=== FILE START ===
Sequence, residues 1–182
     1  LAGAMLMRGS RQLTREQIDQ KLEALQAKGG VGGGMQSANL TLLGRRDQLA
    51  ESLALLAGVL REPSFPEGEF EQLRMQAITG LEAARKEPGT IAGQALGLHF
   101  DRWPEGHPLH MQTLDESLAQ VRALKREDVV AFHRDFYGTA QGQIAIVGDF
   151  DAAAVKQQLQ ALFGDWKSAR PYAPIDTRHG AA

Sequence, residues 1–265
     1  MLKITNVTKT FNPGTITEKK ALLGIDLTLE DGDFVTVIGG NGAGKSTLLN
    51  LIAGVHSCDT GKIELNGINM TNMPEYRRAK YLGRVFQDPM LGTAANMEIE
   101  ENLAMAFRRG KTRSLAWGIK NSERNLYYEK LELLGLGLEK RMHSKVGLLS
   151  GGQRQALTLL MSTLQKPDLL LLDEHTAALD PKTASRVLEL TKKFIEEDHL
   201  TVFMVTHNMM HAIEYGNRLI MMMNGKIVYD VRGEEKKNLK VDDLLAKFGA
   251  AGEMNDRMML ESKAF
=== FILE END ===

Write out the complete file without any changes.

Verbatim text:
Sequence, residues 1–182
     1  LAGAMLMRGS RQLTREQIDQ KLEALQAKGG VGGGMQSANL TLLGRRDQLA
    51  ESLALLAGVL REPSFPEGEF EQLRMQAITG LEAARKEPGT IAGQALGLHF
   101  DRWPEGHPLH MQTLDESLAQ VRALKREDVV AFHRDFYGTA QGQIAIVGDF
   151  DAAAVKQQLQ ALFGDWKSAR PYAPIDTRHG AA

Sequence, residues 1–265
     1  MLKITNVTKT FNPGTITEKK ALLGIDLTLE DGDFVTVIGG NGAGKSTLLN
    51  LIAGVHSCDT GKIELNGINM TNMPEYRRAK YLGRVFQDPM LGTAANMEIE
   101  ENLAMAFRRG KTRSLAWGIK NSERNLYYEK LELLGLGLEK RMHSKVGLLS
   151  GGQRQALTLL MSTLQKPDLL LLDEHTAALD PKTASRVLEL TKKFIEEDHL
   201  TVFMVTHNMM HAIEYGNRLI MMMNGKIVYD VRGEEKKNLK VDDLLAKFGA
   251  AGEMNDRMML ESKAF